Emergency Fund- How Much is Enough?

We’ve all experienced Murphy’s Law at numerous points in our life and when it happens in our finances, it can be particularly painful.  Often, the best defense is an emergency reserve fund you can turn to in a time of financial crisis.  But, how much is enough and what’s the best way to set it up?  The answer to this question will be different for just about everybody but here are some guidelines that can assist you in designing your own customized emergency reserve fund.

  • Deciding on your emergency reserve fund goal. Financial advisors typically suggest building an emergency reserve fund equal to three to six months of family expenses (your average monthly bills times three to six months).  This is a good starting point and I would suggest that you customize your answer by taking a close look at your own facts.  If you were to lose your job, how long would it likely take you to find another job of equal or higher pay?  For example, if you are an engineer or an accountant, jobs are relatively plentiful.  The same is true for salespeople who have good work experience.  In these cases, you might feel comfortable with two to three months of reserves.  If you’re in a job where it’s hard to find a replacement, you may want an emergency reserve of a year or more.  Take a realistic look at your situation then set your goal.
  • Automate your success. People often comment that they have very little money for savings.  My wife likes to use a phrase, “Bloom where you are planted!”  In this case it means, “Start where you can afford to start…but start somewhere.”  Now that you have your goal, set up an automatic transfer from your checking account (or paycheck) to a separate emergency reserve account.  It matters more that you get started rather than how much you are saving each month.  Success tends to encourage greater success so start where you can and bump up your savings when you can.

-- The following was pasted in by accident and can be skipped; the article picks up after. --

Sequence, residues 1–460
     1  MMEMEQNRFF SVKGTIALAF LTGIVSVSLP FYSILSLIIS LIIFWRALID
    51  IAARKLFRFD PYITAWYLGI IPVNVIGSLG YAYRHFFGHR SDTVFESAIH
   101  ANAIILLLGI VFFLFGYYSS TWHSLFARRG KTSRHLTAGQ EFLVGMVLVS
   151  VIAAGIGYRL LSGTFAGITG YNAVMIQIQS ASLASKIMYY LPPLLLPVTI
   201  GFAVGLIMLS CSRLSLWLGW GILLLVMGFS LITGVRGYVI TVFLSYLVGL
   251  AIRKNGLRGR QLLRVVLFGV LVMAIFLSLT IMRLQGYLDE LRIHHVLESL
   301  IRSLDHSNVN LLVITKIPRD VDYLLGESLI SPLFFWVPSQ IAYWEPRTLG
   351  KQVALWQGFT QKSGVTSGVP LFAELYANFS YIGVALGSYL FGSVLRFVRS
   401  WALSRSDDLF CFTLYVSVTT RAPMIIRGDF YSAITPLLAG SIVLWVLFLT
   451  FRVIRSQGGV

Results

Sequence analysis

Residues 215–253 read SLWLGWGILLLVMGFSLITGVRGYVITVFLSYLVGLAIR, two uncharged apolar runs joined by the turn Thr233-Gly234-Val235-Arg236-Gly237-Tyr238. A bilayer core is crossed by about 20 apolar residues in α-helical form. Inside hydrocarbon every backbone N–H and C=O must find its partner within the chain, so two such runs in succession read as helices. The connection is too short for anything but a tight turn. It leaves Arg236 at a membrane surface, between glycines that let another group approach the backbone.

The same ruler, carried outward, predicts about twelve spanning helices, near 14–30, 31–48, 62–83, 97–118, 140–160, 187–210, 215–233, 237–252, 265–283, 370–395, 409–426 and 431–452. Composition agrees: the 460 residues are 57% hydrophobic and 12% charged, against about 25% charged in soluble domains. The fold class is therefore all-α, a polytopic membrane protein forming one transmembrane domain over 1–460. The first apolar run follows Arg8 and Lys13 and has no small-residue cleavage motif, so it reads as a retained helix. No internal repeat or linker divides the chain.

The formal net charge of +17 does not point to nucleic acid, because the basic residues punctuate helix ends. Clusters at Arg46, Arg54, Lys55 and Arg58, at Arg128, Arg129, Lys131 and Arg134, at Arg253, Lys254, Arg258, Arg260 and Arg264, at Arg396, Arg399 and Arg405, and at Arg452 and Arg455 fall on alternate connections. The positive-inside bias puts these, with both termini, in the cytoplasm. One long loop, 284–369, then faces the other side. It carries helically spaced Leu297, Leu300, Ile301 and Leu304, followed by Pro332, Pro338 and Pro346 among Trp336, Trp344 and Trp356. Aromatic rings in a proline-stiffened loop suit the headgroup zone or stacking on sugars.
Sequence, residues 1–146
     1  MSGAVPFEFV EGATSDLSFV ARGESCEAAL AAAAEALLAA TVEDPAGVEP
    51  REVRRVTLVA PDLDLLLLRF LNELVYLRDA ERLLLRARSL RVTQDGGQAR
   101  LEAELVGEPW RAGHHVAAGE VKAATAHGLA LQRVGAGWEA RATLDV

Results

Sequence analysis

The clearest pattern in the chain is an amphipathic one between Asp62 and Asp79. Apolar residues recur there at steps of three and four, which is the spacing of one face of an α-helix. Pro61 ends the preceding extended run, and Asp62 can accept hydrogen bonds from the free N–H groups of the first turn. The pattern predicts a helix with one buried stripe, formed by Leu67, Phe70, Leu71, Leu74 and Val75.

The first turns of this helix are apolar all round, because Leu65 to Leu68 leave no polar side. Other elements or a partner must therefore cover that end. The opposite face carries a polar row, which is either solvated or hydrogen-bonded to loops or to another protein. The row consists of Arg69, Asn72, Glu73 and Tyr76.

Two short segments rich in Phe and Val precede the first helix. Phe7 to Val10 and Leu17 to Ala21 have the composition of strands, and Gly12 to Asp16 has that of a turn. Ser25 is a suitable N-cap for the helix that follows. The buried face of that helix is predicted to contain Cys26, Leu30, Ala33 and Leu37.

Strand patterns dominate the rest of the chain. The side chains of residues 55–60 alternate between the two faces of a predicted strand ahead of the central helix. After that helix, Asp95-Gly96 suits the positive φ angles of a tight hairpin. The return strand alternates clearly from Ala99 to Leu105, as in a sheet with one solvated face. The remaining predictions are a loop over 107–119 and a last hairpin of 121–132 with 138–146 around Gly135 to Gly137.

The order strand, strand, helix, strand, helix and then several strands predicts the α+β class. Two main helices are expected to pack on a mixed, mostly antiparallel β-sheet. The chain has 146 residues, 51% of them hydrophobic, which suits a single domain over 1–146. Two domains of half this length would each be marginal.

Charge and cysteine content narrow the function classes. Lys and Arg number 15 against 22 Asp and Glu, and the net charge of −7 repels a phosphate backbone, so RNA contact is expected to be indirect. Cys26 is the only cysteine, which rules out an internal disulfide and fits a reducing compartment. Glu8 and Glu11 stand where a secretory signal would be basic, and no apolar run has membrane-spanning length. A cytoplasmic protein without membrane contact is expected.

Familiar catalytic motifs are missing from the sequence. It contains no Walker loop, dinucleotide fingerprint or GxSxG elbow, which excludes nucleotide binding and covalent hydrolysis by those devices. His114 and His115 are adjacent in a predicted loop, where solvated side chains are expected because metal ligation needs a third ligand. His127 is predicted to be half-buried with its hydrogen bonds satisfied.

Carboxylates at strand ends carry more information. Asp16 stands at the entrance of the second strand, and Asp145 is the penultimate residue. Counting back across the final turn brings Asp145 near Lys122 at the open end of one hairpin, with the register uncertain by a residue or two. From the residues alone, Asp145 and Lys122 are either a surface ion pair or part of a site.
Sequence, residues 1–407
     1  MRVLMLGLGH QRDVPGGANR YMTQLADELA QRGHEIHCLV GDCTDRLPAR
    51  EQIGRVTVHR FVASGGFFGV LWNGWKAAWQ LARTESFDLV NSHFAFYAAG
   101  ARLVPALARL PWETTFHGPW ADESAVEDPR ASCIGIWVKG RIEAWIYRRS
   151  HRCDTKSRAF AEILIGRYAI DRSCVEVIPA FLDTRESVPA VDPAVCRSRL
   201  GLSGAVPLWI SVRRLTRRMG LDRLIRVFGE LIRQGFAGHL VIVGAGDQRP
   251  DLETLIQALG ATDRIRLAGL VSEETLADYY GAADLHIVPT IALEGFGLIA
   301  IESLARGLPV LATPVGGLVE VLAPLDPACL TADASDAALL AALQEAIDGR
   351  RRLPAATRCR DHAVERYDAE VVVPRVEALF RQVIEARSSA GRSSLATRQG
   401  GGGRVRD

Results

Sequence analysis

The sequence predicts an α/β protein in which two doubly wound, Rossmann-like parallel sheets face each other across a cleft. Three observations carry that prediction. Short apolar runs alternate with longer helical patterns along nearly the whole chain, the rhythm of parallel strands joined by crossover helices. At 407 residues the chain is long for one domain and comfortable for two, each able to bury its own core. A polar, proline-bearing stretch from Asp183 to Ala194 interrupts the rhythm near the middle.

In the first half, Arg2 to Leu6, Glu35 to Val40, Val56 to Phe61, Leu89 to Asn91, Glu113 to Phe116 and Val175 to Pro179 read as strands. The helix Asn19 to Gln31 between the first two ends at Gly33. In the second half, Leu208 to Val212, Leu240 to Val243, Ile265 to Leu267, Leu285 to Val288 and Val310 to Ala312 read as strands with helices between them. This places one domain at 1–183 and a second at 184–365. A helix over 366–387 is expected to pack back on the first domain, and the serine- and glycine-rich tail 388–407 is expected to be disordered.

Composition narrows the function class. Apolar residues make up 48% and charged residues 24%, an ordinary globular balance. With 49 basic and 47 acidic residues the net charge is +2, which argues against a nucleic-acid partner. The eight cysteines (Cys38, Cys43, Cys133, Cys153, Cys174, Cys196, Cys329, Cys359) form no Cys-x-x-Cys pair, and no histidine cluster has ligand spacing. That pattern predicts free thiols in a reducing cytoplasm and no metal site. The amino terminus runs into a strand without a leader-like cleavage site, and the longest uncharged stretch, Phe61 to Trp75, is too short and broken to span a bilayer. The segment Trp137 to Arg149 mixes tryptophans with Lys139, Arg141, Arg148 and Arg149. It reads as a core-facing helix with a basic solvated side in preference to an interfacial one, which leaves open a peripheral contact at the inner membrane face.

• Best place to save. What’s most important is that you have easy access to your funds.  Remember, this is for ‘emergencies’ which by definition means it will be unexpected.  In the low interest rate environment that we find ourselves today, there are no great choices for earning anything but anemic interest rates.  Your best choices are a money market account, credit union savings accounts or similar easy-access accounts.
  • Best way to use the account. Be clear that this account is for emergencies, not to fund a better vacation than you otherwise couldn’t afford.  One strategy that is worth considering is to continue to automatically deposit funds in your emergency reserve account once you’ve hit your goal.  For example, assume you’re saving $100 per paycheck and your goal is to build an emergency fund of $10,000.  Once you hit that goal, continue to automatically invest your $100 per month since you’re already ‘in the habit’.  You can use your ‘excess’ funds for non-periodic bills or purchases.  Always keep an eye on maintaining your target account value.  If an emergency expense takes you below that amount, focus on rebuilding your account.
  • Your backup plan. One thing we often recommend is setting up a home equity line of credit as a backup emergency reserve account.  The advantage is relatively quick access to cash for an emergency and typically little to no costs to set this up.  The disadvantage is if you use it, you’ve created debt that must be paid back so you have to be very careful and diligent.

One byproduct I find with folks who have strong emergency reserves is greater financial self-confidence.  It’s hard to describe it, but it’s there none the less.  You know you need emergency reserves…take action today by setting up an automatic deposit account and the next time Murphy raises his head, you’ll be ready!